Qualcomm, Audi to conduct C-V2X pilot on Virginia roads

Audi car
Audi SUVs will be equipped with C-V2X as part of the deployment in Virginia. (Pixabay)

It’s not a commercial deployment by any means—that’s not allowed under current Federal Communication Commission (FCC) rules—but Qualcomm, Audi of America and the Virginia Department of Transportation are planning for initial C-V2X deployments on Virginia roadways.

Using the same portion of the 5.9 GHz band that the FCC has proposed for allocating for C-V2X, the three entities plan to show how the technology can be used to improve road safety. Plans call for the initial deployment to take place on select roadways in Virginia beginning in the third quarter of 2020.

“We’re hopeful that this announcement shows the traction that we’re getting,” said Dean Brenner, senior vice president, spectrum strategy and technology policy at Qualcomm, in an interview. “We’re very excited to have these first-class partners and to be part of a deployment in a real-world setting.”

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RELATED: FCC looks to dedicate 5.9 GHz for Wi-Fi, C-V2X use

The Virginia Tech Transportation Institute (VTTI) also has been contracted to develop the software and systems required to support the primary use cases defined for the initial deployment.

The use cases they’re talking about fall into two primary areas. One is work zone warnings, which will feature a Qualcomm 9150 C-V2X chipset solution via an in-vehicle safety display in Audi Q8 SUVs. It’s designed to deliver a graduated warning, with the last link being a low latency warning to drivers of the workers’ physical presence.

The other use case involves signal phase and timing (SpaT) from a traffic signal on arterial roadways. The signals will be transmitted with a Qualcomm 9150 C-V2X chipset solution to Audi Q8 SUVs. The vehicles will have the Audi Traffic Light Information (TLI) service that can provide drivers a countdown to the green light. C-V2X from the traffic signal can also provide direct information to the Audi Q8, which will be used by the TLI system to fine-tune the countdown information.

RELATED: Qualcomm launches Snapdragon Ride for assisted and self-driving with test rides in Vegas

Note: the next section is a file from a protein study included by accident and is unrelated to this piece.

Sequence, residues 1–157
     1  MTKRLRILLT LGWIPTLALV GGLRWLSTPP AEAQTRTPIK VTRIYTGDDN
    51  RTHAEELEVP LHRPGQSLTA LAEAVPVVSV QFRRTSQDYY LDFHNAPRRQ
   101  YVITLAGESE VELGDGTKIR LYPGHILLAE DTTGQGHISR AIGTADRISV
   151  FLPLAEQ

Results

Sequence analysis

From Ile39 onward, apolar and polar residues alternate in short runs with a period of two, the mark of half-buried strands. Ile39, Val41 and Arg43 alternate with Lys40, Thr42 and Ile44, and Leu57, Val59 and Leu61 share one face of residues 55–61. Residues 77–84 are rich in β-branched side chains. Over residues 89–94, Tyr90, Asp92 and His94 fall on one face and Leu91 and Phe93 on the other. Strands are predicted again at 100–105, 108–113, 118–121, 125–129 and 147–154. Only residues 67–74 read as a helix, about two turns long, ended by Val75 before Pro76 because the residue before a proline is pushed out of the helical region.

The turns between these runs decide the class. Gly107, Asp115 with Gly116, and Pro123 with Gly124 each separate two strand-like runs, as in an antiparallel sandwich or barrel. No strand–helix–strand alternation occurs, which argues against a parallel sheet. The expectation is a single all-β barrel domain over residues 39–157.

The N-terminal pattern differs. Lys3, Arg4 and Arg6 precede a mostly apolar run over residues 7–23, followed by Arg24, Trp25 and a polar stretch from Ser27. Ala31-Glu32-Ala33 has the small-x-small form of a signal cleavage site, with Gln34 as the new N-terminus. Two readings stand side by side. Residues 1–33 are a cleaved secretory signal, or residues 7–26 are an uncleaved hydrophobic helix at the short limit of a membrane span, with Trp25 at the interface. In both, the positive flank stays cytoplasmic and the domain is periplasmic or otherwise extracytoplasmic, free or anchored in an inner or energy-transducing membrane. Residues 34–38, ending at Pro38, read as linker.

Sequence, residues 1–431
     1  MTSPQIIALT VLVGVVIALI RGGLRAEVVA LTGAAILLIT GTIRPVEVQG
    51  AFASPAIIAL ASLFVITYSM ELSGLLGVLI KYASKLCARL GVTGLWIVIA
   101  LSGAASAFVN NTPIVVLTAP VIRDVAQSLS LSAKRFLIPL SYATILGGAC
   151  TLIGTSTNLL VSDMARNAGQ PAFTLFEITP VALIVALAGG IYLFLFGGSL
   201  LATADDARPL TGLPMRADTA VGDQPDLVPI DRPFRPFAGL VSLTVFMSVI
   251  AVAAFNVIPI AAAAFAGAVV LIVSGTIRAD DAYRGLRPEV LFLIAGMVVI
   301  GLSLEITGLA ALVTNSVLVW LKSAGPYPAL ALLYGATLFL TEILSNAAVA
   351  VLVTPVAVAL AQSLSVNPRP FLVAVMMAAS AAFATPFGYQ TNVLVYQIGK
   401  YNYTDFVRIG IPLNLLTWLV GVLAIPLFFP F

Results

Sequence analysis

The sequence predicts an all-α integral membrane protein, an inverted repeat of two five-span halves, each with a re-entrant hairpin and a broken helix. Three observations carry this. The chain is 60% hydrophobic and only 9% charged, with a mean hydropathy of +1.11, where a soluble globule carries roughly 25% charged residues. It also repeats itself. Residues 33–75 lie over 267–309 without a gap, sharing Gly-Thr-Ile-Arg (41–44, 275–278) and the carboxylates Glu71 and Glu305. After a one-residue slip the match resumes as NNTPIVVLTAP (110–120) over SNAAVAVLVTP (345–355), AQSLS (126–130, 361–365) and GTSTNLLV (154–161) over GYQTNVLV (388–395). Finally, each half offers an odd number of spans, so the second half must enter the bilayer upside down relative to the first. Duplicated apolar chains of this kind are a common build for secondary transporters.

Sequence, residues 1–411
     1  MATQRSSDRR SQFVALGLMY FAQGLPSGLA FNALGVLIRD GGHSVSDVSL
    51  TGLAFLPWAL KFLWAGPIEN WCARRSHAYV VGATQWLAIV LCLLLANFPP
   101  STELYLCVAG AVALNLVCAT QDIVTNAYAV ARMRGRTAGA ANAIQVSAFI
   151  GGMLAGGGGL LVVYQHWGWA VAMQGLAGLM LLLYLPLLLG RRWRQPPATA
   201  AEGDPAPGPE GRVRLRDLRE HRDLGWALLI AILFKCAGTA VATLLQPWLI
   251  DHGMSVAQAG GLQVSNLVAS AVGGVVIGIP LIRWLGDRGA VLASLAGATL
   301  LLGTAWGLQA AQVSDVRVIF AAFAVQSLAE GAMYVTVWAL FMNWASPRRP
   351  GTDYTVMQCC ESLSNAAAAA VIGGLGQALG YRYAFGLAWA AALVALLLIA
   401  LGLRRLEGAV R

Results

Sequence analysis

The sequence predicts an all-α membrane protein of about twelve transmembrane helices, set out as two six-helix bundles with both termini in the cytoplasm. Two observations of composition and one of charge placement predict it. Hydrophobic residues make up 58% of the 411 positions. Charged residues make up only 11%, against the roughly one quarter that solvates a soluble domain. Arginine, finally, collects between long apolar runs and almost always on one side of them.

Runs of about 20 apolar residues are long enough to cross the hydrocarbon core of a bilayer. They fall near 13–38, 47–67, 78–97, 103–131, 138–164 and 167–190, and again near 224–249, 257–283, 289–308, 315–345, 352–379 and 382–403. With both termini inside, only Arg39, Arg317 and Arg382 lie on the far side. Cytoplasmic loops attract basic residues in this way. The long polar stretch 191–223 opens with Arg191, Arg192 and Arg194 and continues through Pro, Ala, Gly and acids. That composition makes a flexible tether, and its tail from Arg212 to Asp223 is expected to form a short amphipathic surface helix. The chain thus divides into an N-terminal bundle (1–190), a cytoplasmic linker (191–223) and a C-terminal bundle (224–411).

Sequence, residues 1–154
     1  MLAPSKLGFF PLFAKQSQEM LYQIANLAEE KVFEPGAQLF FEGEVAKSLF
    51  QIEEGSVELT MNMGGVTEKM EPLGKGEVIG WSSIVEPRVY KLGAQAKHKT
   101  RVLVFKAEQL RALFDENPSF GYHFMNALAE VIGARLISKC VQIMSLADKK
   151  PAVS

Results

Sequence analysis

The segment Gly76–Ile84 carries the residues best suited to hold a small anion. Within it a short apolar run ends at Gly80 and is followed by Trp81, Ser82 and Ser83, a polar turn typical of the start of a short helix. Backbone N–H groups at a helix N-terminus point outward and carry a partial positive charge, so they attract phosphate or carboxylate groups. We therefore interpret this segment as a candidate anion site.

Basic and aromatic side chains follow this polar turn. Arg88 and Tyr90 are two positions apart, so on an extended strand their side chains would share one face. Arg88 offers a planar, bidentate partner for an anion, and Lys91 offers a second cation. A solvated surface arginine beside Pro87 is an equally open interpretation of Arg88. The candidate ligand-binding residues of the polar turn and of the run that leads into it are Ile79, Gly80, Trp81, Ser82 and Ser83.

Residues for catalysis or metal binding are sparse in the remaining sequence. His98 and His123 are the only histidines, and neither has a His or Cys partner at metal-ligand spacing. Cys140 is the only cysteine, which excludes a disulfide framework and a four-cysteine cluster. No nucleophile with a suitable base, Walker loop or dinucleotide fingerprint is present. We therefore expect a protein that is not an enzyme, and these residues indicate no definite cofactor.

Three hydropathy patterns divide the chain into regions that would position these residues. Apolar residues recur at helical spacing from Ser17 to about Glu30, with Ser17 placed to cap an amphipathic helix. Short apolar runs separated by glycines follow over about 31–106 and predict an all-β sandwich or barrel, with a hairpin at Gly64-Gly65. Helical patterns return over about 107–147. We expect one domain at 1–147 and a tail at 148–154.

It’s not clear exactly who is going to be driving the SUVs with the C-V2X technology in them, but Brenner described them as friendly users, which are often the case in pilot projects. “It’s a true collaboration,” he said.

Late last year, the FCC agreed on a Notice of Proposed Rulemaking (NPRM) that proposes to revise rules for the upper 20 MHz portion (5.905-5.925 GHz) of the 5.9 GHz band to authorize C-V2X technologies that are supported by the automobile industry. There’s been an ongoing debate whether C-V2X, a newer, cellular-based technology, should be used in the U.S. for vehicle safety or Dedicated Short Range Communications (DSRC), an older technology that pretty much went nowhere for two decades. The U.S. Department of Transportation is still pushing for DSRC.

RELATED: Qualcomm, Ford and Panasonic mark first U.S. C-V2X deployment in Colorado

Qualcomm for some time now has been involved in C-V2X work with the Colorado Department of Transportation (CDOT), Panasonic and Ford Motor Company. A CDOT spokesperson told FierceWirelessTech that the state is technology agnostic when it comes to connected vehicles, using both DSRC and C-V2X so that it would be ready to support whichever one ends up dominating in the market.

According to Qualcomm, the C-V2X solution used in the initial Virginia deployment is based on 3GPP Release 14 and Release 15 specifications. A more advanced mode of C-V2X has an evolution path to 5G using 3GPP Release 16 specs.

The news about Qualcomm's work with Audi in Virginia received a shoutout from FCC Chairman Ajit Pai, who said C-V2X is a promising technology that's gaining momentum in the automotive industry as it enables communications between cars, infrastructure, cyclists, pedestrians and road workers. 

“Today’s C-V2X deployment announcement was only made possible through an experimental license. That’s because the current rules governing the 5.9 GHz band lock us into DSRC, a technology authorized by the FCC more than twenty years ago that has never been widely deployed,” Pai said. “The FCC recognizes the promise of C-V2X, having voted unanimously in December on a proposal to designate 20 megahertz for its deployment in the 5.9 GHz band. If this proposal is adopted, it would be a significant step forward for automotive safety, since there is currently no spectrum designated for C-V2X. Americans on the move would be the beneficiaries—but only if the FCC takes action and leaves the failed status quo behind.”

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